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Obes Rev. 2001 Aug;2(3):199-211.

The safety and efficacy of pharmaceutical and herbal caffeine and ephedrine use as a weight loss agent.

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1
Pennington Biomedical Research Center, 6400 Perkins Road, Baton Rouge, Louisiana 70808, USA. greenwfl@pbrc.edu

Abstract

Since passage of the Dietary Supplement Health and Education Act of 1994, the sale of herbal dietary supplements containing caffeine and ephedrine for weight loss has become widespread in the United States. Reports of adverse events associated with the use of these non-prescription supplements have raised concerns in the United States regulatory community. Restricting the use of these products is now being considered. Such restriction should be based upon controlled clinical trials. This review of the literature in Medline relative to the use of caffeine and ephedrine in the treatment of obesity concludes that caffeine and ephedrine are effective in causing weight loss. Caffeine and ephedrine give equivalent weight loss to Diethylpropion and superior weight loss compared to dexfenfluramine. Caffeine and ephedrine have a long history of safe, non-prescription use. The adverse events accompanying acute dosing are mild and transient. Adverse events with caffeine and ephedrine reach and remain at placebo levels after 4-12 weeks of continuous treatment, but data from randomized trials up to 6 months only are available. Obesity is chronic, requires chronic treatment, its incidence is increasing and it has few effective treatments. The benefits of caffeine and ephedrine in treating obesity appear to outweigh the small associated risks. Restriction of dietary herbal supplements containing caffeine and ephedrine, often with other ingredients, should be based on controlled clinical trials of these products.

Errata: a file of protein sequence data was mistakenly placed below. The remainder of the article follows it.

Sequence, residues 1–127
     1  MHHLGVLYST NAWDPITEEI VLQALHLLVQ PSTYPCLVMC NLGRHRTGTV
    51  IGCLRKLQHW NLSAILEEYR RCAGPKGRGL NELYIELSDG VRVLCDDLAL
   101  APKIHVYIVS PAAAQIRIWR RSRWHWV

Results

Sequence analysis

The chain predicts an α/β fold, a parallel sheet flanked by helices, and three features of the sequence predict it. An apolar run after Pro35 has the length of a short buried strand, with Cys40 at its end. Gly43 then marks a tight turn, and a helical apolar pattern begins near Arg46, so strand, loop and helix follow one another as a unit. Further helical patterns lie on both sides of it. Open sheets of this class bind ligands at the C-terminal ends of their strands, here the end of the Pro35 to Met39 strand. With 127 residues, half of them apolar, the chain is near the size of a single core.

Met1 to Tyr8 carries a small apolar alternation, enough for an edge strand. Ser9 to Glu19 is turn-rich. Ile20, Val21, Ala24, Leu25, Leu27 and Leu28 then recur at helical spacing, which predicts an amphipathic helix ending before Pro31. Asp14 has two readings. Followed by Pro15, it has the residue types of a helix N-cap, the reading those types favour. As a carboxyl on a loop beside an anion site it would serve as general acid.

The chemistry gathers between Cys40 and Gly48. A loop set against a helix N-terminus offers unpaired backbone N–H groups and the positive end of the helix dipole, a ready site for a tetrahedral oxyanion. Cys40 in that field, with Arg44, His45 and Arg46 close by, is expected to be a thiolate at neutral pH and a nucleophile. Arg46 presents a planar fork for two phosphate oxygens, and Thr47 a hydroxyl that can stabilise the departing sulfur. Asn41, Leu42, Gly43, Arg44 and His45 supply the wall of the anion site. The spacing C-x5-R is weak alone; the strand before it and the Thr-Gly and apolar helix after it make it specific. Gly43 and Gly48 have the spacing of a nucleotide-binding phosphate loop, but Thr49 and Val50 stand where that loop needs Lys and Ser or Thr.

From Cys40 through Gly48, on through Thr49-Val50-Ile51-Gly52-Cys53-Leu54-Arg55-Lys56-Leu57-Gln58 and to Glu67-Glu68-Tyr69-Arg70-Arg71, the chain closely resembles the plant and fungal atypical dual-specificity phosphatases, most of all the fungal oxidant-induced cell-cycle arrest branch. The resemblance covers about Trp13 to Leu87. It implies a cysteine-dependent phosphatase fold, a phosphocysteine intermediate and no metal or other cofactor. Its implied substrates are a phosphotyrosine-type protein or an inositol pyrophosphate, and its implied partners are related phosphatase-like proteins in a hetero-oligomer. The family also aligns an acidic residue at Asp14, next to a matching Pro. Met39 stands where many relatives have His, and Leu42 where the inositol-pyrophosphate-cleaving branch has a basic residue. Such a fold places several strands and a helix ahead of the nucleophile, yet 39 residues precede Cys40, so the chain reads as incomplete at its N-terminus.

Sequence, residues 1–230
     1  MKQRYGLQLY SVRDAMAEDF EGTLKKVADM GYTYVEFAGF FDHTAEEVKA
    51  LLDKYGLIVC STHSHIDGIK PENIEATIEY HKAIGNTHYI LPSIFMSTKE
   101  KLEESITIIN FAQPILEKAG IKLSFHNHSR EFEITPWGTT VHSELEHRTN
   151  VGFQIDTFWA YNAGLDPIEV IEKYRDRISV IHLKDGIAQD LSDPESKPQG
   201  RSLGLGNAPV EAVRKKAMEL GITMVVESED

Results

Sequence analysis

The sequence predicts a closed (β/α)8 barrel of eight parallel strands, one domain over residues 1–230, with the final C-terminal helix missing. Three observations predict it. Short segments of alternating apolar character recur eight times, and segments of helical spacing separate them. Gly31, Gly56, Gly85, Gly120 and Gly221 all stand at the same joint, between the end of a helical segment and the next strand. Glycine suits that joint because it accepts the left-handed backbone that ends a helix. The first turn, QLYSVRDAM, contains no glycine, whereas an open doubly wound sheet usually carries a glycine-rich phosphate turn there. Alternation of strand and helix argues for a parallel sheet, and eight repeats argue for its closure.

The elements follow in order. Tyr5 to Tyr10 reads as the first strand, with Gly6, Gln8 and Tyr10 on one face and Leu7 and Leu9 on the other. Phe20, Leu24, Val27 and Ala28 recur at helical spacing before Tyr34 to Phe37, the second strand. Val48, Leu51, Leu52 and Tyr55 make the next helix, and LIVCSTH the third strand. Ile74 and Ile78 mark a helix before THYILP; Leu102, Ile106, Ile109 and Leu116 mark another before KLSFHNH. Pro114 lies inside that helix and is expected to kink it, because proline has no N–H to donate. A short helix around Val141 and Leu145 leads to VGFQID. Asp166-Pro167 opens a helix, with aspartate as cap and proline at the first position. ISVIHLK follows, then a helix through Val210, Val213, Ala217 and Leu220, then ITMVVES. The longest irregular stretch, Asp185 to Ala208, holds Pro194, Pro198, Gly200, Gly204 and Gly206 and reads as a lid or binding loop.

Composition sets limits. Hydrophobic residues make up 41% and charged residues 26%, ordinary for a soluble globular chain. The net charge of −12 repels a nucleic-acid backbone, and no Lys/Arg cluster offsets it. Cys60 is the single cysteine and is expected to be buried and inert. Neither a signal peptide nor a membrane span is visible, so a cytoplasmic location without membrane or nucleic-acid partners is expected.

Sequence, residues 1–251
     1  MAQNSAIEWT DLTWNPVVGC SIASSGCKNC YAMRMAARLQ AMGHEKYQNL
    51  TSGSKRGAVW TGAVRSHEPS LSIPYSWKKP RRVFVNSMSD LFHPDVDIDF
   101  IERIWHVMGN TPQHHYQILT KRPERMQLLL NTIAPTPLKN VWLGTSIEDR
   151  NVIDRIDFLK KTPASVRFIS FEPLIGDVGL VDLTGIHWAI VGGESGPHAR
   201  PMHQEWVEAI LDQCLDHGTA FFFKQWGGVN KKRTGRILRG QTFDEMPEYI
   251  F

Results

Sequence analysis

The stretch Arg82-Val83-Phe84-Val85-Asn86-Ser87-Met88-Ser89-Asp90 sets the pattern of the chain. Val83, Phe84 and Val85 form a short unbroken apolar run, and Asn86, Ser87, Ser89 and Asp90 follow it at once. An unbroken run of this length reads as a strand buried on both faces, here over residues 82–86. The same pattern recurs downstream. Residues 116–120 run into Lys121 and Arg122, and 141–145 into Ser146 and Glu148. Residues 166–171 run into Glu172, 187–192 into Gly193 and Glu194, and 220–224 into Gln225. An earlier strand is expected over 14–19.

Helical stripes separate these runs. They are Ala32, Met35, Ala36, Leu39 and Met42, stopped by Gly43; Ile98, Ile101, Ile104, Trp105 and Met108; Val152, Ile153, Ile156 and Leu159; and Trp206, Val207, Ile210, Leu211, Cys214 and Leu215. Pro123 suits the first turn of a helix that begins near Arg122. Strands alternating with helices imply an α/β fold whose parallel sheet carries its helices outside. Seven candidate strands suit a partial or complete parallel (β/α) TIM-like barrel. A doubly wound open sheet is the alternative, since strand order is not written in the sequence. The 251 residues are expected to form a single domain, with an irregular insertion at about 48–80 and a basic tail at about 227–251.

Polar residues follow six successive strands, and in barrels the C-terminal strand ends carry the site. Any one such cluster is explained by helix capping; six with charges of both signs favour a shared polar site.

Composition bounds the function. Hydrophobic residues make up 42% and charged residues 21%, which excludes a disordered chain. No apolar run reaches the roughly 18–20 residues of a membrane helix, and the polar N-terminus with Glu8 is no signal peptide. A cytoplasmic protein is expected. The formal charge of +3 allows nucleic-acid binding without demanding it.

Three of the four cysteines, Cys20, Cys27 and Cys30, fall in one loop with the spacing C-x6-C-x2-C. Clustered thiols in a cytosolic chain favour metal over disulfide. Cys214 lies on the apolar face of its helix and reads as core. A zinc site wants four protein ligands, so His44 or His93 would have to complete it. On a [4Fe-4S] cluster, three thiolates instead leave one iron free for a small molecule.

PMID:
12120105
[Indexed for MEDLINE]

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